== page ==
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Public Radio's Environmental News Magazine (follow us on Google News)

China Food Round Table

Air Date: Week of

Lester Brown, President of the WorldWatch Institute, and Robert Paarlberg of Wellesley College debate their opposing views and forecasts on the future of China's water supply and food imports. Steve Curwood moderates.


CURWOOD: It's Living on Earth. I'm Steve Curwood. As China's economy booms, its appetite for food is growing. With more money to spend, Chinese are eating more pork, as much already as an average American. And all that meat takes plenty of grain for fattening up. Last year, for the first time in decades, China had to import large amounts of grain, helping to drive some world grain prices up by as much as 60%. Grain imports are a touchy issue in a country where a series of famines this century has made food self sufficiency a hot button politically. Until recently, China's leadership was unwilling to admit that domestic grain production was falling behind demand. What changed their tune was the release of a book last year by World Watch President Lester Brown. In Who Will Feed China? Wake-Up Call for a Small Planet, Les Brown projected a widening grain gap for China and problems for the rest of us as China uses its newfound wealth to buy what it can't grow. But others say the gap will be smaller, and the global consequences less dire than Mr. Brown projects. They include Robert Paarlberg, Professor of Political Science at Wellesley College, who joined us for a chat with Lester Brown. Mr. Brown says his gloomy forecast is based in part on a rapid development that's paving over some of China's best cropland, and on water scarcity.

BROWN: Two things are happening. One, water tables are falling. And when the aquifers are depleted there will be a cutback in the amount of irrigation water, simply because the pumping at that point cannot exceed the recharge. The second thing that's happening is, as water becomes more scarce, is that the cities are pulling irrigation water away from farmers. We saw this most dramatically in the Spring of '94, when the government banned farmers from all the reservoirs in the agricultural region surrounding Beijing. When China runs into water scarcity, when the cities begin pulling water away from farmers, then they have to import grain. When China imports a ton of wheat, it's basically importing a thousand tons of water. This is how countries begin to balance their water books.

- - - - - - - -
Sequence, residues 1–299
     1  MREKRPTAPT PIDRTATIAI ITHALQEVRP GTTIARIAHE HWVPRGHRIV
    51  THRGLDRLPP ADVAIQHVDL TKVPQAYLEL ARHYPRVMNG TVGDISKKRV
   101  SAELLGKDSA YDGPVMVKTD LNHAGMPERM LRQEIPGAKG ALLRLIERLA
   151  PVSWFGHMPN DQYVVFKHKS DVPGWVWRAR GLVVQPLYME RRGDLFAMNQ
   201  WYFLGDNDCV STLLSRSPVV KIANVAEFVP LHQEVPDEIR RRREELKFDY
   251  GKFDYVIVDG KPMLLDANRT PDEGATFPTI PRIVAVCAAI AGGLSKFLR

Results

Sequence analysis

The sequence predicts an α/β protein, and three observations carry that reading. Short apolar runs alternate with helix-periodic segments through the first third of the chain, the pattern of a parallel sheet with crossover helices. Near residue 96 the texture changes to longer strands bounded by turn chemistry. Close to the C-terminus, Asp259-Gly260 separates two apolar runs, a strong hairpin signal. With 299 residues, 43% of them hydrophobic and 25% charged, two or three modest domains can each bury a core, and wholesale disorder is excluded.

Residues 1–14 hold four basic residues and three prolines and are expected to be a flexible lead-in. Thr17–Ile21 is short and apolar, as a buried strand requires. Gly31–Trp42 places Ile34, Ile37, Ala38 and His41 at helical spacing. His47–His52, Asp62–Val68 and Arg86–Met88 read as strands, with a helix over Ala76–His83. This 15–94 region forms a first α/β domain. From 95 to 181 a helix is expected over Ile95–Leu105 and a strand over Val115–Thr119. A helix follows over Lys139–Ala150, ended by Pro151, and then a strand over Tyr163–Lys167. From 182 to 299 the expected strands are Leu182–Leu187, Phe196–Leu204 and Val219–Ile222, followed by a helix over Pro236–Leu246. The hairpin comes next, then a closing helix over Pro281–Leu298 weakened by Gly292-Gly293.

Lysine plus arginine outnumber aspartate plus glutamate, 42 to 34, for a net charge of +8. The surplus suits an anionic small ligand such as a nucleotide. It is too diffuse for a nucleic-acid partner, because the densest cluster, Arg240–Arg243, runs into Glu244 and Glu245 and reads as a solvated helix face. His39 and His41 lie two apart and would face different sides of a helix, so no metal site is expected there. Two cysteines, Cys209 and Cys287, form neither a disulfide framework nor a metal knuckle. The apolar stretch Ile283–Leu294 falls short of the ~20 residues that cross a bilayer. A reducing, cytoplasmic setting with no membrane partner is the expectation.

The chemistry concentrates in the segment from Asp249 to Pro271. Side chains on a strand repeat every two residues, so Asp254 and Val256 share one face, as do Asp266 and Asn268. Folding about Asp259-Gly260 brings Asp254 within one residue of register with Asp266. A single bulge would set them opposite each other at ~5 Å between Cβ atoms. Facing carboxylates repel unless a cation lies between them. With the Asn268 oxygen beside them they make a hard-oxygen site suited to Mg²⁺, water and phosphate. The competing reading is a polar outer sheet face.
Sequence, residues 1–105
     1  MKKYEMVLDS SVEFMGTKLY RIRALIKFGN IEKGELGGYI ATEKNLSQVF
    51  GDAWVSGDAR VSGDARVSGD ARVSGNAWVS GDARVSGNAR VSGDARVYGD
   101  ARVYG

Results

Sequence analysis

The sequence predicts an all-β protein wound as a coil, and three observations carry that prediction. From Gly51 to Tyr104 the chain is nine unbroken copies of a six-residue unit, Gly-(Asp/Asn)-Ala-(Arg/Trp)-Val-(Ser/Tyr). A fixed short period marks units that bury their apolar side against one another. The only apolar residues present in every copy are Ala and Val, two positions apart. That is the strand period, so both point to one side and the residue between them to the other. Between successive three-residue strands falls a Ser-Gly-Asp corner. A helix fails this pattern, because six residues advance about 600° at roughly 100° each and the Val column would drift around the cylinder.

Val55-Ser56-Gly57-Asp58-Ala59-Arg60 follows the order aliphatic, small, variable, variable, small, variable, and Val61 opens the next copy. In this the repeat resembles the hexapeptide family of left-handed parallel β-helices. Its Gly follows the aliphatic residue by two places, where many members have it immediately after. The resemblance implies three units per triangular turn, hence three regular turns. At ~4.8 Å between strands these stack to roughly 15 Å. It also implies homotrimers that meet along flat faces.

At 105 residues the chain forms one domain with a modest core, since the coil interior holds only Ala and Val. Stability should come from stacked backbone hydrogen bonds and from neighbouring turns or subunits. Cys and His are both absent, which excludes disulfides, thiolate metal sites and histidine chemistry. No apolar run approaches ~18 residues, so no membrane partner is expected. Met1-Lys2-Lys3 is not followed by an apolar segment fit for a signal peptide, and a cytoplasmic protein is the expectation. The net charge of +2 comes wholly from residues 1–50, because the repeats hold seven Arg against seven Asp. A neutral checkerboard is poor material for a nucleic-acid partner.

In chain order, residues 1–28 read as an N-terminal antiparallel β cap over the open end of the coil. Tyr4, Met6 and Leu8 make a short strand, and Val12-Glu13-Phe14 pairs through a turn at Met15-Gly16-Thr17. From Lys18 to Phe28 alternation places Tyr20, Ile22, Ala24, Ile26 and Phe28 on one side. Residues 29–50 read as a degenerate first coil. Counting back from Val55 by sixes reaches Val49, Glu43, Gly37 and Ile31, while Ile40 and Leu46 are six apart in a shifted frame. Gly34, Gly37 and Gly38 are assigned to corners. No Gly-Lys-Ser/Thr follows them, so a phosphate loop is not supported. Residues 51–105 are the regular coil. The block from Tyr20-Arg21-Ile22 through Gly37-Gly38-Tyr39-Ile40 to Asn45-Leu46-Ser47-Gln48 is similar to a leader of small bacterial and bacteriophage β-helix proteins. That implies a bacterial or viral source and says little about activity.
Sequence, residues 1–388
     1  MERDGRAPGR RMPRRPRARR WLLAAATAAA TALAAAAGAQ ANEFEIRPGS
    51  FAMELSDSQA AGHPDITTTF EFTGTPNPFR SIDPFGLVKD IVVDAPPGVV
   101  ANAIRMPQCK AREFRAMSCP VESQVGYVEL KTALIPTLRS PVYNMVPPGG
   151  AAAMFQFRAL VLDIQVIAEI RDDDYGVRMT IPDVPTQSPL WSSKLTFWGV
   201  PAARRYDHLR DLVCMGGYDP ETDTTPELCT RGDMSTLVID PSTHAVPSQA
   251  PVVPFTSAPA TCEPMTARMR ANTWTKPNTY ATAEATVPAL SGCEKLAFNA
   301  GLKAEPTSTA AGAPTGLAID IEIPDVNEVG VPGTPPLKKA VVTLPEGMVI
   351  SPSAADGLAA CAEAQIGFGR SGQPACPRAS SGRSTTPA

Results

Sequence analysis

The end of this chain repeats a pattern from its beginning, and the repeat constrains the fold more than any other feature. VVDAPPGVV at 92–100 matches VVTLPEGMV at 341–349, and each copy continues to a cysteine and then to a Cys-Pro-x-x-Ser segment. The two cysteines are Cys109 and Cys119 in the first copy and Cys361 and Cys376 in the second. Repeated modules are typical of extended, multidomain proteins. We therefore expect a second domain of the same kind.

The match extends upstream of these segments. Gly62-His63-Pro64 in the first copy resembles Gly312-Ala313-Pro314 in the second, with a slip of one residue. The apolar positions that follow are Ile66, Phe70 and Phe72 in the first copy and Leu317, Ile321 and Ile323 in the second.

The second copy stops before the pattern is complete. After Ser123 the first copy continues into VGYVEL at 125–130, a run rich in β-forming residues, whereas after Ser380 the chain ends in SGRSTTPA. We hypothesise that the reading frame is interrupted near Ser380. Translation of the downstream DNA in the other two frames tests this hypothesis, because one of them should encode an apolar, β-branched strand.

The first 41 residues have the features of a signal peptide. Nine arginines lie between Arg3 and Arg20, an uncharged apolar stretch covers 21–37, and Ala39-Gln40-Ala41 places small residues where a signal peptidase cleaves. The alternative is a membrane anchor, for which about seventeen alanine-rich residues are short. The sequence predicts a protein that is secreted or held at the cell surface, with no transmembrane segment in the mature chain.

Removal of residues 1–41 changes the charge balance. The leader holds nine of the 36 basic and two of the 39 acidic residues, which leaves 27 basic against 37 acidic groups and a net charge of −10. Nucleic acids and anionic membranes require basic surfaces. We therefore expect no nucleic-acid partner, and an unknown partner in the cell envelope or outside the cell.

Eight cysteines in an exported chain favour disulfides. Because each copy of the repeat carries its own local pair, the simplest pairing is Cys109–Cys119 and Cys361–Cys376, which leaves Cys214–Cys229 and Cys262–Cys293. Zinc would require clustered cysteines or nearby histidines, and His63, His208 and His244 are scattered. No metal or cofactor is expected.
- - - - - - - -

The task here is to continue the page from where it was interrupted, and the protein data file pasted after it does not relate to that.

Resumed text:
CURWOOD: Professor Paarlberg, I have a paper here that you've written about this situation, and you've called Lester Brown a "productivity pessimist," I think, in this, when it comes to the food situation in China. You're not so pessimistic. Why not?

PAARLBERG: I prefer to label myself a realist. Grain yields in China have plenty of room to improve before they reach even the levels found elsewhere in East Asia. So the technology is there even with current knowledge to increase grain yields in China substantially. I don't think there's any good reason to forecast a 20% decline in grain production in China. And I think Lester really is an outlyer here. The United Nations Food and Agriculture Organization forecasts not a 20% decline but a 70% increase in China's grain production over the next 30 or 40 years. The International Food Policy Research Institute forecasts a 60% to 90% increase. So if I'm an optimist, I at least have a lot of respectable company.

CURWOOD: But what about the water scarcity question that Lester Brown addresses?

PAARLBERG: Lester is right. Water will be an increasingly scarce resource in China. As the population continues to grow, per capita water availability in China between now and the middle of the next century will decline by about 30%. But I think China can manage that for its agricultural sector, if it does something about wasteful water use in urban areas, in residential and industrial use. Now, urban and industrial users aren't metered. They don't pay a price for water, and so they waste water, and that's why they're sucking it away from agriculture.

CURWOOD: Lester, do you want to respond?

BROWN: I just wanted to say that other countries, Japan, South Korea, and Taiwan, to be precise, have also raised their yields rather substantially over the last few decades. But they've not been able to do it fast enough to offset the loss of crop land, and that's the key in the analysis. And what's happened in each of those countries is they've lost so much crop land that the production of grain in all 3 has declined by roughly one third. And this at a time when their demand for grain has been climbing as incomes have risen, has led all 3 now to import about 70% of their grain.

CURWOOD: Let's talk about your projections for a moment. Just how much grain do you think China will have to import in the future? And then can you tell us why you feel this is a problem? They can afford it, can't they?